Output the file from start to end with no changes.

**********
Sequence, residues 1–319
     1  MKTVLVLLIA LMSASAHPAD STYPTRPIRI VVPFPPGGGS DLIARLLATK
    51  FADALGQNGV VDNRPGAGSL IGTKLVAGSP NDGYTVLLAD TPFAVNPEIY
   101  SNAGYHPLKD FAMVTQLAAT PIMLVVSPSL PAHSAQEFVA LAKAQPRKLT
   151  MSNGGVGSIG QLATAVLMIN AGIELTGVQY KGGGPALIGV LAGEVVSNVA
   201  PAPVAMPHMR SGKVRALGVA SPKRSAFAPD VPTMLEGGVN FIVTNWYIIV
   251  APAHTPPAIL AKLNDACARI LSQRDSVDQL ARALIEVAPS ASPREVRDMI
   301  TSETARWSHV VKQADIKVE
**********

Sequence, residues 1–319
     1  MKTVLVLLIA LMSASAHPAD STYPTRPIRI VVPFPPGGGS DLIARLLATK
    51  FADALGQNGV VDNRPGAGSL IGTKLVAGSP NDGYTVLLAD TPFAVNPEIY
   101  SNAGYHPLKD FAMVTQLAAT PIMLVVSPSL PAHSAQEFVA LAKAQPRKLT
   151  MSNGGVGSIG QLATAVLMIN AGIELTGVQY KGGGPALIGV LAGEVVSNVA
   201  PAPVAMPHMR SGKVRALGVA SPKRSAFAPD VPTMLEGGVN FIVTNWYIIV
   251  APAHTPPAIL AKLNDACARI LSQRDSVDQL ARALIEVAPS ASPREVRDMI
   301  TSETARWSHV VKQADIKVE